Business strategy formulation for OnTime : a management consulting perspective
Thesis (MBA)--Stellenbosch University, 2006.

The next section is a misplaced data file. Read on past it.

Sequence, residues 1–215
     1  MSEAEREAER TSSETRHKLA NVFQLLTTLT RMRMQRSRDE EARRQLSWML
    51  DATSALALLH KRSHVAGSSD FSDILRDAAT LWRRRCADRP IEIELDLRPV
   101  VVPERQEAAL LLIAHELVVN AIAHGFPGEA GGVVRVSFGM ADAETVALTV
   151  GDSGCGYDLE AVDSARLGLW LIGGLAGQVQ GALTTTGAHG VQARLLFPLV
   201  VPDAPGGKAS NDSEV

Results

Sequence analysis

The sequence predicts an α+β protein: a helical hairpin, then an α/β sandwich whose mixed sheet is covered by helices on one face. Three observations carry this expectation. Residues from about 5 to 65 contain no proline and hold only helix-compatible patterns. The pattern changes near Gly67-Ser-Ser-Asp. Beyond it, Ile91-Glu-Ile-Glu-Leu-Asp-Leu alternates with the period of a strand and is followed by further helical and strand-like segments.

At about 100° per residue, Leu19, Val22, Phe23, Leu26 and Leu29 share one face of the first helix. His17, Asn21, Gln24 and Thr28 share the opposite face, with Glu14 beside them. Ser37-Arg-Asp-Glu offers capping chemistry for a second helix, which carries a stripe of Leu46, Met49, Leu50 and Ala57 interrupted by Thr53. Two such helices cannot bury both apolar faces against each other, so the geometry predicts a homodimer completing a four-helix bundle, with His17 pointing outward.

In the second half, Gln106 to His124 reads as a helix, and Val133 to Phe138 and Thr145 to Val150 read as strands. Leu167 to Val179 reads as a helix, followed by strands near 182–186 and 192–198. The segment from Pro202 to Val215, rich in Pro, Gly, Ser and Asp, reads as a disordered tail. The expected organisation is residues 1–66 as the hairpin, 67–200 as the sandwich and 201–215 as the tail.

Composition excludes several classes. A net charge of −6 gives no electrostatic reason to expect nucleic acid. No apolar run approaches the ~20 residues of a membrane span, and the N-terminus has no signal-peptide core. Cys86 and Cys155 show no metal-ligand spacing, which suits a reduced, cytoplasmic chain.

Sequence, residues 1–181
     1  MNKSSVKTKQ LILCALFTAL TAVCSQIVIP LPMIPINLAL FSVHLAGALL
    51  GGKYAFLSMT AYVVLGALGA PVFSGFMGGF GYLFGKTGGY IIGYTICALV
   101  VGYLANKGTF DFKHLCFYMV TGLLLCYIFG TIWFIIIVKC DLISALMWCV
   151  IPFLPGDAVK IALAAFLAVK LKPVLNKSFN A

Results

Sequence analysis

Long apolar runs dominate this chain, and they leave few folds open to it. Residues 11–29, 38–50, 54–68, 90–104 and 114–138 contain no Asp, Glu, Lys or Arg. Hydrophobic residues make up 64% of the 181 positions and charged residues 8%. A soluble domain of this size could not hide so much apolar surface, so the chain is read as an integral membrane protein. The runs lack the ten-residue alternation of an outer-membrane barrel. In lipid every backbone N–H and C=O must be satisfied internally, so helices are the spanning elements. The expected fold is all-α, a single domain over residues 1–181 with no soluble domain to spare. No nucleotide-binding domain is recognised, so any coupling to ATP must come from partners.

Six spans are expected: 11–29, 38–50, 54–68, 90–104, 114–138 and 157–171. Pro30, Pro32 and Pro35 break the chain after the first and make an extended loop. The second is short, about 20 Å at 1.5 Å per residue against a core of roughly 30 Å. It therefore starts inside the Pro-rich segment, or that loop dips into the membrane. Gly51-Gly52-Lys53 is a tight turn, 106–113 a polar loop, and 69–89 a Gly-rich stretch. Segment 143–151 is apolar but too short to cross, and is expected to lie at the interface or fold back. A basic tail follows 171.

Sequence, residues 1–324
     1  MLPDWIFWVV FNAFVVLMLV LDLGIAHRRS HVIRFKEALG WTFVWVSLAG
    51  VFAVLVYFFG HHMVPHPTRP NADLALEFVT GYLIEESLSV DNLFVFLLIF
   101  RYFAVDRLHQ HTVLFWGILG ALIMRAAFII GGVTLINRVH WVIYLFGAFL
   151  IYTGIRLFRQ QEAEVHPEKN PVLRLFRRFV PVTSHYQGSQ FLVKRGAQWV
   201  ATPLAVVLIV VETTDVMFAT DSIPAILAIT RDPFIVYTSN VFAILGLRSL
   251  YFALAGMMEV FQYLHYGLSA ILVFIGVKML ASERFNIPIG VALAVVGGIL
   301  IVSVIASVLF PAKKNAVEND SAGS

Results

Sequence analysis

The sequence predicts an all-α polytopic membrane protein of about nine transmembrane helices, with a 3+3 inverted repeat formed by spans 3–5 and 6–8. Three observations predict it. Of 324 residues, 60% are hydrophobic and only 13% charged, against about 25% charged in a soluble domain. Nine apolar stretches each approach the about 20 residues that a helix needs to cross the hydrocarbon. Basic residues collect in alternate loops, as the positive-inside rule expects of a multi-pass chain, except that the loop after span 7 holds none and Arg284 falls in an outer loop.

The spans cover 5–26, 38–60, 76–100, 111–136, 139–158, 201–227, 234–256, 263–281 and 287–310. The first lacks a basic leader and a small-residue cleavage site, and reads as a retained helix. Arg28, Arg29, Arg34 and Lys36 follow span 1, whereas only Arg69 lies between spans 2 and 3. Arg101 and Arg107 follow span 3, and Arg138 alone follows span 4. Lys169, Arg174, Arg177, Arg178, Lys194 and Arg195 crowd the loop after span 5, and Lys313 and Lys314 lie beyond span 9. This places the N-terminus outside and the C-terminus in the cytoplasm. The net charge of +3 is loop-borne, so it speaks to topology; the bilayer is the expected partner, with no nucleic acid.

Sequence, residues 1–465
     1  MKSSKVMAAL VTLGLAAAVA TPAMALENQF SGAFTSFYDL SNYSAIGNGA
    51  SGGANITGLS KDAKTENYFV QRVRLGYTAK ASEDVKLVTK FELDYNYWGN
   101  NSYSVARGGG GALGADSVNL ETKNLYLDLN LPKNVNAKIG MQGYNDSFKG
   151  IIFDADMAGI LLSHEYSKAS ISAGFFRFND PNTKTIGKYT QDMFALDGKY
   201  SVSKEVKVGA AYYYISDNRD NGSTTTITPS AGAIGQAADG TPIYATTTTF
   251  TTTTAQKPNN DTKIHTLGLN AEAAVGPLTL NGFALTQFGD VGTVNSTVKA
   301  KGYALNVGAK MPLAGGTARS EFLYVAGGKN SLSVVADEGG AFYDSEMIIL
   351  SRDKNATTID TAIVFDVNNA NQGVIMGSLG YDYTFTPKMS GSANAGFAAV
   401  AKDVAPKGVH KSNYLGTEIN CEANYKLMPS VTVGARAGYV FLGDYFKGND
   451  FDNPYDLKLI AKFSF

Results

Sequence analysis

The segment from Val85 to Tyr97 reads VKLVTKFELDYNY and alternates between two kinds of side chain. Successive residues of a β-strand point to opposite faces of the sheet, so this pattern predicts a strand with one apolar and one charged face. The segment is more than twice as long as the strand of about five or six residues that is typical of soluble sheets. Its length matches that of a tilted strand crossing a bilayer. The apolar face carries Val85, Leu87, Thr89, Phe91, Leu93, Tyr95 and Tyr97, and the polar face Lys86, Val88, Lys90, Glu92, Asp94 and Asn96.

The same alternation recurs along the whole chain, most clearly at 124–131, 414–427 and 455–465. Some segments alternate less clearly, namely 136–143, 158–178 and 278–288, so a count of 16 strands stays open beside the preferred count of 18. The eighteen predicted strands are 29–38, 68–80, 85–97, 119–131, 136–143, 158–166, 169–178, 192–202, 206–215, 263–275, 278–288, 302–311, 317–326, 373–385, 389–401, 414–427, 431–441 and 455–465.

ENGLISH ABSTRACT: OnTime is a passenger transport company that was established in 1999 when the insurance giant Sanlam decided to outsource its transport services for its top officials. This document examines the challenges that OnTime faces as it seeks to grow its market by acquiring business from more corporates in order to lessen its dependence on Sanlam. The chauffeur industry in Cape Town is characterised by a lack of regulation and, as a result, there is no official data that can be used to describe the size of the industry. The lack of regulation means competition among industry players favours the two big companies to the detriment of the smaller ones. Smaller companies are constantly experiencing dwindling profits because of the dominance of these two big companies. At the other extreme, there are many pirate operators who compete on price by undercutting everyone else. The industry as a whole is experiencing growth due to the increasing number of corporations and government departments which have outsourced their passenger transport services for their top officials. While this move to outsource the passenger transportation is supposed to create new opportunities for small companies to benefit from the new business being generated, it appears that the smaller passenger transport companies have not yet benefited from this extra business. The main reason is that smaller passenger companies have been created without adequate support systems or a steady client base to sustain them through their early growth phase. On the flip side, the two big passenger transport compames are experiencing increasing volumes of business from those very same big corporations which were supposed to be the lifeblood of smaller passenger transport firms. The main reason for the phenomenal business growth for the two passenger transport companies is the fact that they belong to groups of companies which are constantly growing through the acquisition of other companies. The passenger transport unit then provides the transport needs of the entire group. Moreover, these two big passenger transport service providers have fonned alliances with most of the major airlines, hotels, and guest houses in order to be in a position to capture any business that flows from these airlines and hospitality service providers. In an industry where customers are conscious of the type of vehicles they are driven in, it is not surprising that the two big passenger transport companies are able to offer a variety of vehicles from which customers can choose. This is in sharp contrast to the small passenger transport companies whose fleet size limits the options they can offer their customers when it comes to choosing the type of vehicles they would like to be driven in. The findings contained in this document will influence the recommendations for formulating a business strategy for OnTime. The main challenge for OnTime is to grow its business by implementing drastic changes.